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Nov 08, 2011 12:54PM
I'm thinking about buying an Alan Furst book as a gift for someone. He's already read The Polish Officer and The World at Night. Is there a particular order the books have to be read?
Do you have any recommendations?
Nov 09, 2011 10:52AM
It will matter a little, but not all that much. Only in a few instances do the main characters carry over from one book to the next. There IS a set of benchmark events that are narrated in some of the early books and are then referenced in later books, so it's fun and interesting to recognize them and then think about how they work. And many secondary characters pop up in various contexts throughout the sequence of books but again, they stand up perfectly well on their own in each book.
I read them in order because I was interested in seeing how Furst's narrative technique evolved, and then when I came to understand how he used these background events and characters to connect what are basically standalone novels, it just added that much more to my reading pleasure.
Since your friend has read books 3 and 4 and is presumably a fan, I probably would go back to Night Soldiers (1) and/or Dark Star (2) to fill in some of the missing pieces. Especially fun is a scene about an assassination in a Paris restaurant, the Brasserie Heininger, from Night Soldiers that shows in every single subsequent story.
Nov 10, 2011 05:49AM
I haven't read all of them, because I am pacing myself. But I recommend The Spies of Warsaw.
Nov 10, 2011 09:39AM
I've read three of his novels: The Foreign Correspondent, The Polish Officer, and the Spies of Warsaw. I have Dark Voyage on my to read shelf. I think all three that I read were enjoyable. My only problem right now is the publisher not permitting a decent discount on e-book versions. It really isn't a problem to get them but I just don't like the practice of this the of pricing. Thus, I am reduced to looking in used book shops as my own form of protest.
I any case, I think the way Furst concentrates on developing believable characters who act like real people dealing with the realities of the world they are having to live in make his novels my favorite of this genre.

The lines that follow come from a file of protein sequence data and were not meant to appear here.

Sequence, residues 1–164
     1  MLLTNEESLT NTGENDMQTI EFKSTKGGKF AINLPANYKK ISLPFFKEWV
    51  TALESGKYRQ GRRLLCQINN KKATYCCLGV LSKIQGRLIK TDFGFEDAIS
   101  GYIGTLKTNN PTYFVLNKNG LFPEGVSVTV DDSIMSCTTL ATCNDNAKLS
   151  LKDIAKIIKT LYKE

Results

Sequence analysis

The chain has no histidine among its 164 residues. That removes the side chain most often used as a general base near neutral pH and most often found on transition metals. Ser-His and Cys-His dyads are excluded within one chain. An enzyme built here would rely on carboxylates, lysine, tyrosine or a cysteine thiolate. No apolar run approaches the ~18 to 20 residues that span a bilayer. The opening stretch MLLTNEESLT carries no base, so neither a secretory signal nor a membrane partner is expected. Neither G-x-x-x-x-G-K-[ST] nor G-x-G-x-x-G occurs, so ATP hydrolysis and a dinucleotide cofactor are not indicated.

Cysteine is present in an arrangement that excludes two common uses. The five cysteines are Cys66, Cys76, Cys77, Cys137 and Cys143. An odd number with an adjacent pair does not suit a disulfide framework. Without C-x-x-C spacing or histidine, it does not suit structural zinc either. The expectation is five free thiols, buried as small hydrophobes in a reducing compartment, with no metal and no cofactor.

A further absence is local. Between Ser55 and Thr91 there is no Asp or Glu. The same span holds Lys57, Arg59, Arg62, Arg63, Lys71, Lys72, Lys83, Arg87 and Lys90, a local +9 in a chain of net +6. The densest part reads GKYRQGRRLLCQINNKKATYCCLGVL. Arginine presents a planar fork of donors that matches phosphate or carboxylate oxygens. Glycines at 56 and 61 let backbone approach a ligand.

Nov 15, 2011 06:23AM
I agree with Eric. Am fond of Night Soldiers and Dark Star. I guess the main reason is the authors ability to create the world at that particular time of tension as war approaches. I studied politics and international relations and find that Furst is extremely well read.
(last edited Mar 29, 2013 02:53AM)
Mar 29, 2013 02:52AM
Night Soldiers (1988)
Dark Star (1991)
The Polish Officer (1995)
The World at Night (1996)
Red Gold (1999)
The Kingdom of Shadows (2001)
Blood of Victory (2002)
Dark Voyage (2004)
Jun 24, 2013 04:54PM
I agree with Eric that Night Soldiers and Dark Star are important to read early because they are both set before WWII begins and the assassination in the Brasserie Heininger... and they are simply good books.
Mar 03, 2014 04:42PM
Hi folks, just to let you know, I just got alerted to a new Alan Furst book coming out in June. It is titled 'Midnight in Europe'. From the brief description available, this story is set in Spain just before/during the Franco regime. I can't wait to get my hands on it!
Mar 04, 2014 10:35AM
Larry, great news! I cannot wait to get my hands on it. Pre-ordered it on Amazon for my Kindle today! Thanks for the info. Ray
Mar 17, 2014 03:31PM
I thought I'd share Alan Furst's newsletter about his latest book.
From Alan Furst
In my new novel, MIDNIGHT IN EUROPE , there’s a scene in the little Paris park called the Square Récamier. The year is 1939 and there is civil war in Spain. In this scene a character says, “Europe is a nice neighborhood with a mad dog. Just now the dog is biting Spain, and nobody else in the neighborhood wants to get bitten, so they look away.” And that is, pretty much, what the book is about. Because that’s what happened.
In my books, once the scene is set, here come the characters, a real rogues’ gallery this time, featuring Max de Lyon, former arms trader and the Macedonian Stavros, who “spent his teenage years fighting Bulgarian bandits. After that, becoming a gangster was easy.” In other words, it’s gangsters versus fascists, along with the Marquesa Maria Cristina, an aristocrat with a taste for danger, and Eileen Moore, an Irish girl from New York. I like to sketch characters, major and minor, and there are a lot of characters in MIDNIGHT IN EUROPE. And a lot of settings.
I’m a restless novelist who likes to go places in a book, so from shady nightclubs patronized by the Paris underworld to a brothel in Istanbul, from a naval base in Odessa to the dockyards of Poland, from Gestapo headquarters in Berlin to white-shoe law offices in New York and Paris, the action moves along. The primary hero of the book is a brilliant and handsome lawyer, Cristián Ferrar, a Spanish émigré who works at a prestigious international law firm in Paris, and agrees to help a clandestine agency buy arms for forces of the Spanish Republic.
The romantic scenes in the novel take place in Paris, with one of them situated at a Norman auberge in Varengeville-sur-Mer, by the sea up near Dieppe, one of my favorite places in France. Then there’s a bar and grill in the Manhattan neighborhood known as Murray Hill. And, oh, yes, an interlude in a first-class compartment on a night train crossing France. I like sexy trains-so I’m lucky to work in the late 1930s and early ’40s.
Of course, I now have to travel by airplane, which I will do plenty of when I tour the book in June. The cities and bookstores will be up on my website soon.
Mar 17, 2014 03:51PM
Thanks Larry. Now I must simply eagerly wait until june for my next Furst fix.
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